Acute mountain sickness

Acute mountain sickness


Acute mountain sickness is an illness that can affect mountain climbers, hikers, skiers, or travelers who climb too fast. It usually occurs when people rapidly reach a high altitude (typically above 8,000 feet or 2,400 meters). 

Alternative Names

High altitude cerebral edema; Altitude anoxia; Altitude sickness; Mountain sickness; High altitude pulmonary edema


Acute mountain sickness occurs from the combination of reduced air pressure and a lower concentration of oxygen at high altitude. Symptoms can range from mild to life threatening, and can affects the nervous system, lungs, muscles, and heart.

In most cases the symptoms are mild. In severe cases fluid collects in the lungs (pulmonary edema

The chance of getting acute mountain sickness increases the faster a person climbs into a high altitude. The severity of the symptoms also depend on this factor, as well as how much the person pushed (exerted) him or herself. Persons who normally live at or near sea level are more prone to acute mountain sickness.

Approximately 20% of people will develop mild symptoms at altitudes between 6,300 to 9,700 feet, but pulmonary and cerebral edema are extremely rare at these heights. However, above 14,000 feet, a majority of people will experience at least mild symptoms. Some people who stay at this height can develop pulmonary or cerebral edema.


Symptoms generally associated with mild to moderate altitude illness include:

  • Headache
  • Difficulty sleeping
  • Loss of appetite
  • Nausea or vomiting
  • Fatigue
  • Dizziness or light-headedness
  • Rapid pulse (heart rate)
  • Shortness of breath with exertion

Symptoms generally associated with more severe altitude illness include:

  • Cough
  • Shortness of breath at rest
  • Chest tightness or congestion
  • Bluish discoloration of the skin
  • Coughing up blood
  • Inability to walk in a straight line, or to walk at all
  • Decreased consciousness or withdrawal from social interaction
  • Confusion
  • Gray or pale complexion (cerebral edema)

Exams and Tests

Listening to the chest with a stethoscope (auscultation) reveals sounds called crackles in the lung, which can mean pulmonary edema.

A chest x-ray may be performed.


The main form of treatment for all forms of mountain sickness is to climb down (descend) to lower altitude as rapidly and safely as possible. Supplemental oxygen should also be given, if available.

People with severe mountain sickness may be admitted to a hospital.

Acetazolamide (Diamox) is a drug used to stimulate breathing and reduce mild symptoms of mountain sickness. This drug can cause increased urination. Make sure you drink plenty of fluids. Do not drink alcohol while taking this drug.

Pulmonary edema, the build up of fluids in the lungs, is treated with oxygen, the high blood pressure medicine nifedipine, and, in severe cases, a breathing machine.

The steroid drug dexamethasone (Decadron) may help reduce swelling in the brain (cerebral edema).

Portable hyperbaric chambers have been developed to allow hikers to simulate their conditions at lower altitudes without moving from their location on the mountain. These new devices are very important if bad weather or other factors make climbing down the mountain impossible.

Outlook (Prognosis)

Most cases are mild, and symptoms improve promptly with a return to lower altitude. Severe cases may result in death due to respiratory distress or brain swelling (cerebral edema).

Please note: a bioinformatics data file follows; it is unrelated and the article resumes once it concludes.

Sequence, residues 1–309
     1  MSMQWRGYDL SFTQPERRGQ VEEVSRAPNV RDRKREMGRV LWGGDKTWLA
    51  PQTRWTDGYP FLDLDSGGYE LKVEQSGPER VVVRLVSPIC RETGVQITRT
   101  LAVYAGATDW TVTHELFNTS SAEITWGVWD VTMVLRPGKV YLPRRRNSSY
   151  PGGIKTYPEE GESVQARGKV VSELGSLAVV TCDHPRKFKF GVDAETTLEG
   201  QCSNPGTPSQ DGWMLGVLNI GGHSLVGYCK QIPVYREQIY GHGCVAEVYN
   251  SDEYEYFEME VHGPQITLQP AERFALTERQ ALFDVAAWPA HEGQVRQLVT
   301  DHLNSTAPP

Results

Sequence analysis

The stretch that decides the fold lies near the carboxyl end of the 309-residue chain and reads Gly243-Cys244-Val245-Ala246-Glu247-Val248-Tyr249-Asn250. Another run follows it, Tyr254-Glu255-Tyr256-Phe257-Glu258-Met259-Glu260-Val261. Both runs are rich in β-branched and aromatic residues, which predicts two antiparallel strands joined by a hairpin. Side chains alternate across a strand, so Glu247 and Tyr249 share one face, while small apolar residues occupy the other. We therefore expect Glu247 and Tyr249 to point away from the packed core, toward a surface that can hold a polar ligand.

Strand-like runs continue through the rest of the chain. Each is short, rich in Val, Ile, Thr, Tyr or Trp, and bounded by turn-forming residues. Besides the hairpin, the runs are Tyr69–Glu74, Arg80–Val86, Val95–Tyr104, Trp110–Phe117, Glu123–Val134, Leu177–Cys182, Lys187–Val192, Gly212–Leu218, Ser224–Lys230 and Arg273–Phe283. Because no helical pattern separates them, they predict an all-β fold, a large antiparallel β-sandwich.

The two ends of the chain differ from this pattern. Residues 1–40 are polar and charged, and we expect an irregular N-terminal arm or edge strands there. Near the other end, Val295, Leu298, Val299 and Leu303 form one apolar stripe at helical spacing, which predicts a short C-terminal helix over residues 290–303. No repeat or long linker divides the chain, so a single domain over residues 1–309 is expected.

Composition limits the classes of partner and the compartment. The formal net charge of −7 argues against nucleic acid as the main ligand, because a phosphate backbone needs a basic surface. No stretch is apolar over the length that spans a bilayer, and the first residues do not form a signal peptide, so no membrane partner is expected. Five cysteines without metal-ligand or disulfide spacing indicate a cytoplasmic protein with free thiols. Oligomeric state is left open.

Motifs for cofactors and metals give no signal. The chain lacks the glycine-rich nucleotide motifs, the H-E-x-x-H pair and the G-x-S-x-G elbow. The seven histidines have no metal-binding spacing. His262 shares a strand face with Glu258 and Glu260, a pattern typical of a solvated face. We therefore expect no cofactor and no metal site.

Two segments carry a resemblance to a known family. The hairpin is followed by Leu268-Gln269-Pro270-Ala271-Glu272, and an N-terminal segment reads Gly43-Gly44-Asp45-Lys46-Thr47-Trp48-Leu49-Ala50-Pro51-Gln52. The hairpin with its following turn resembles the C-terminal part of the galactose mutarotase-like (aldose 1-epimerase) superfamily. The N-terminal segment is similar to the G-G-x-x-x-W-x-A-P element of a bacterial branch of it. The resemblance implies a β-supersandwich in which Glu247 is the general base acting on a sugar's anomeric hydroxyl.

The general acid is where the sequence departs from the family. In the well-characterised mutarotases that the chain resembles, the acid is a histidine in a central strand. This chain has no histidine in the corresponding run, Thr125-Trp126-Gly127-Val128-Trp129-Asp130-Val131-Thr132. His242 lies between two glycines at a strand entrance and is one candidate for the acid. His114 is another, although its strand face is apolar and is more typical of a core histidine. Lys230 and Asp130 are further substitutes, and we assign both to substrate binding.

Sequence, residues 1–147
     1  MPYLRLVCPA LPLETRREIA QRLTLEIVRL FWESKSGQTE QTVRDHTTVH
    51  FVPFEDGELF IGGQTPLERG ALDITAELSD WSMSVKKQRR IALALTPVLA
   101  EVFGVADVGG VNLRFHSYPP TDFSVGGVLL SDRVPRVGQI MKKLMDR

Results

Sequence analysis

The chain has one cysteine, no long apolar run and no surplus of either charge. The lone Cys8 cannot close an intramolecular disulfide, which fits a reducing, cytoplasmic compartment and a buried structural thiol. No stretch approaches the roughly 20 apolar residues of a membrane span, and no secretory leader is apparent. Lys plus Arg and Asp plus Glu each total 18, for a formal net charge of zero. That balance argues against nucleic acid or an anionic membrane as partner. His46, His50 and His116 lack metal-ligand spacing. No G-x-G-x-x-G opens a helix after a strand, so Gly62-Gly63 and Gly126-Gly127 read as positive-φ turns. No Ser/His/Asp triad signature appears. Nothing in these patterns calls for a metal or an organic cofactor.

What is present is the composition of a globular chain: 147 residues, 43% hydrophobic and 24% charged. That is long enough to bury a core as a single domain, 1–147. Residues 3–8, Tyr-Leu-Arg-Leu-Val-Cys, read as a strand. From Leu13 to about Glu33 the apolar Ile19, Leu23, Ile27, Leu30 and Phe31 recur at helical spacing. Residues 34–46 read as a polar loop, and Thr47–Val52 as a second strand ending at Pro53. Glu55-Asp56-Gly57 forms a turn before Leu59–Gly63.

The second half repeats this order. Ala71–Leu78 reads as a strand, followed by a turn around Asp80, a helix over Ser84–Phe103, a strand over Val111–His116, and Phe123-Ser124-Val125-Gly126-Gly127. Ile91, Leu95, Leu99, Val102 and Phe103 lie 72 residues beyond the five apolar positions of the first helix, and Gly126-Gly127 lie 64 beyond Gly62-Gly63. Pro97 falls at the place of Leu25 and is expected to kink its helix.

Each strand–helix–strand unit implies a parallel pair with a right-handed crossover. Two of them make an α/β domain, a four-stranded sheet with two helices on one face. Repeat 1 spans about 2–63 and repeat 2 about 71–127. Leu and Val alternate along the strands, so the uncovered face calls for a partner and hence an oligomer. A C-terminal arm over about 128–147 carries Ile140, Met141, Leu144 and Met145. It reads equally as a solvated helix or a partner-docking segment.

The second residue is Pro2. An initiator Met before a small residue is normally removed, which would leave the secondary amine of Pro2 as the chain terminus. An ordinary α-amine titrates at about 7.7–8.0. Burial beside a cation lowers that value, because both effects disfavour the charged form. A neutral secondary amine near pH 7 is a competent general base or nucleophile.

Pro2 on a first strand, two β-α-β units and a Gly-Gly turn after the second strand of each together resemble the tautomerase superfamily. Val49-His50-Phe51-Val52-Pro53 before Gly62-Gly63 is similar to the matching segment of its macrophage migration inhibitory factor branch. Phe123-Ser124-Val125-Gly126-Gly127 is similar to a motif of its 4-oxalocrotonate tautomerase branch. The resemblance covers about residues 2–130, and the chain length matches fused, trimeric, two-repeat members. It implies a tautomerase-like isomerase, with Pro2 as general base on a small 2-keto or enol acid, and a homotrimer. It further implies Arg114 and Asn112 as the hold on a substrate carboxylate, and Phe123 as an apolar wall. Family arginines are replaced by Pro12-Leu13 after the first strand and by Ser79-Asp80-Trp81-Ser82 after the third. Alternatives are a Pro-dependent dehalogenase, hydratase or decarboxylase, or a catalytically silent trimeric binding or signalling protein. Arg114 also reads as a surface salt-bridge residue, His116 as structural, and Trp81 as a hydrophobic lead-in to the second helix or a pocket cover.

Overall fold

In remote locations, emergency evacuation may not be possible, or treatment may be delayed. These conditions could adversely affect the outcome.

Possible Complications

  • Pulmonary edema
  • Coma
  • High altitude cerebral edema (brain swelling)

When to Contact a Medical Professional

Call your health care provider if symptoms of acute mountain sickness develop, even if symptoms resolved when returning to a lower altitude.

Call the local emergency number (such as 9-1-1) or seek emergency medical assistance if severe difficulty breathing develops, if consciousness is decreased, if coughing up blood, or if other severe symptoms are present. If unable to contact emergency help, descend immediately, as rapidly as is safely possible.


Education of mountain travelers before ascent is the key to prevention. Basic principles include: gradual ascent, stopping for a day or two of rest for each 2,000 feet (600 meters) above 8,000 feet (2,400 meters); sleeping at a lower altitude when possible; and learning how to recognize early symptoms so you can return to lower altitude before worsening symptoms occur.

Mountaineering parties traveling above 9,840 feet (3,000 meters) should carry an oxygen supply sufficient for several days.

Acetazolamide (Diamox) helps to speed acclimatization and reduce minor symptoms. Therapy should start one day before the ascent and continue one to two days into the excursion. This measure is recommended for those making a rapid ascent to high altitudes.

Those susceptible to anemia (particularly women) should consult a doctor regarding an iron supplement to correct the condition before traveling in high altitudes. Anemic persons have a reduced red blood cell count, and therefore, a lower amount of oxygen carried in the blood.

Drink sufficient fluids, avoid alcohol, and eat regularly. Foods should be relatively high in carbohydrates.

People with underlying cardiac or pulmonary (lung) diseases should avoid high altitudes.

Marx J. Rosen's Emergency Medicine: Concepts and Clinical Practice. 5th ed. St. Louis, Mo: Mosby; 2002:2040-2042.

Murray J, Nadel J. Textbook of Respiratory Medicine. 3rd ed. Philadelphia, Pa: WB Saunders; 2000:1853. 

Auerbach PS. Wilderness Medicine. 4th ed. St. Louis, Mo: Mosby; 2001:12-19.

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